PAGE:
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Why Nervous Negotiators Have an Edge

Why Nervous Negotiators Have an Edge Credit: Hand shake chalkboard image via Shutterstock

You may want to think twice about playing it calm and collected in the negotiation process. New research suggests that nerves may actually help people get a good deal when negotiating.

However, the key to getting a good deal depends upon whether or not workers and business owners look forward to the negotiation process.

"It turns out that the effect depends on whether you are someone who dreads or looks forward to negotiating," said Ashley Brown of the Sloan School of Management at Massachusetts Institute of Technology. "It's not inherently harmful."

To prove this, Brown and fellow researcher Jared Curhan also of the Sloan School of Management conducted two experiments examining how participants performed in negotiations. In the first experiment, participants were asked to negotiate the price of a car while walking on a treadmill. In a second experiment, the participants were asked to negotiate an employee compensation package.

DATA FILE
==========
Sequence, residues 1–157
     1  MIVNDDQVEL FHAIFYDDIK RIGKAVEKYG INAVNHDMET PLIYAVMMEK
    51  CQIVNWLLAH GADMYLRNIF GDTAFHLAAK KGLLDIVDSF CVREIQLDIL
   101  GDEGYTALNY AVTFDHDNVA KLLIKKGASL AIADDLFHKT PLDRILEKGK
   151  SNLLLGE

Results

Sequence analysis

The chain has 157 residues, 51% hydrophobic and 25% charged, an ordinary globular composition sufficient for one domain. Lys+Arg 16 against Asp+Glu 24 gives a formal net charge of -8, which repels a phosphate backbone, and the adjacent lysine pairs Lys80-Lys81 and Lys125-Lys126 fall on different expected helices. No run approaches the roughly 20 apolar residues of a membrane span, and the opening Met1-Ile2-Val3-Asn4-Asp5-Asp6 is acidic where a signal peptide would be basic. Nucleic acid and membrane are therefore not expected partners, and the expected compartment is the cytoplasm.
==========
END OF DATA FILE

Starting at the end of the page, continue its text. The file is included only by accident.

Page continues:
Participants who looked forward to the negotiation process were more likely to be satisfied with their results even with an increased heart rate. On the other hand, participants who did not look forward to negotiations were less satisfied in their negotiations after dealing with an increased heart rate.  The researchers say this is because psychological arousal from a workout or other event can magnify the feelings people have going into the negotiation process. That means that workers and other business professionals can either have negative and positive feelings enhanced by psychological arousals.

"We speculate that this polarizing effect of physiological arousal is more widely applicable to other contexts such as public speaking, competitive sports or test performance, to name a few," Brown said.

The research will be published in Psychological Science, a journal of the Association for Psychological Science.